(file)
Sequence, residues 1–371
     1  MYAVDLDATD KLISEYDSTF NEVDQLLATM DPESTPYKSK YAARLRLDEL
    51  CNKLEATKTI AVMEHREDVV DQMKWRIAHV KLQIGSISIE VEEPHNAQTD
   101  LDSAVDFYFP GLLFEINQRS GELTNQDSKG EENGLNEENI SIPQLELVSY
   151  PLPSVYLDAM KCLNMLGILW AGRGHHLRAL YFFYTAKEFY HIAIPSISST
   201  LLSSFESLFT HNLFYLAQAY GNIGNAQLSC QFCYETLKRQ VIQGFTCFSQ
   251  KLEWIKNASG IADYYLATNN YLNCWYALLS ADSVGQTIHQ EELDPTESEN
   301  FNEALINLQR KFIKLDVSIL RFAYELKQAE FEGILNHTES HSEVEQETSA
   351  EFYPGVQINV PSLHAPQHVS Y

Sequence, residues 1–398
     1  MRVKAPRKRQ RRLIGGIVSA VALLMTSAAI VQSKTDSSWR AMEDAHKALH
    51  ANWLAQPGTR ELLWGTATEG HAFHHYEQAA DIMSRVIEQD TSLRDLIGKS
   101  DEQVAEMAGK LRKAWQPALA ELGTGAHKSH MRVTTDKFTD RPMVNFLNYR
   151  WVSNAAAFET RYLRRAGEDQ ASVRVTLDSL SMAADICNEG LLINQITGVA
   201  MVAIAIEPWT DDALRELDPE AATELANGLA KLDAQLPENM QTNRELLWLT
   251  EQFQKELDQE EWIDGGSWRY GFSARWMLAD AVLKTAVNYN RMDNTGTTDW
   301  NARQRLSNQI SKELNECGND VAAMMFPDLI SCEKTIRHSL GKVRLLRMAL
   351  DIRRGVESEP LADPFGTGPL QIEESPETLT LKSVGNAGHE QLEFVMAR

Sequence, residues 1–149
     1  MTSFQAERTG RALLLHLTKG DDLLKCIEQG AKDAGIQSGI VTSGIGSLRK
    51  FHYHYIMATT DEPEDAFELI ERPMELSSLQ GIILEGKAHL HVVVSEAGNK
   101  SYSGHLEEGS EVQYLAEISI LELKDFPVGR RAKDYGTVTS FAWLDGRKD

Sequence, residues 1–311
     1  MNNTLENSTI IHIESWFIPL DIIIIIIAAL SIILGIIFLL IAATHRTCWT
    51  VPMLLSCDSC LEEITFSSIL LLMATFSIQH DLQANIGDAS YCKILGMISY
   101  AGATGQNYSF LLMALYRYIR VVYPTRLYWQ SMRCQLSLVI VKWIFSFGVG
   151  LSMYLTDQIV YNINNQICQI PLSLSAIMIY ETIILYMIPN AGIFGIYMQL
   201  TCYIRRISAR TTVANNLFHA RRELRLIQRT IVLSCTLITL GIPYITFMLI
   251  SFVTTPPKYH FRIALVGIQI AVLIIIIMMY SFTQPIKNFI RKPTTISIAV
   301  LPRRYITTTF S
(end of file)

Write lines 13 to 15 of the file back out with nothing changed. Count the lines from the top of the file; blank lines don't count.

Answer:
   101  DEQVAEMAGK LRKAWQPALA ELGTGAHKSH MRVTTDKFTD RPMVNFLNYR
   151  WVSNAAAFET RYLRRAGEDQ ASVRVTLDSL SMAADICNEG LLINQITGVA
   201  MVAIAIEPWT DDALRELDPE AATELANGLA KLDAQLPENM QTNRELLWLT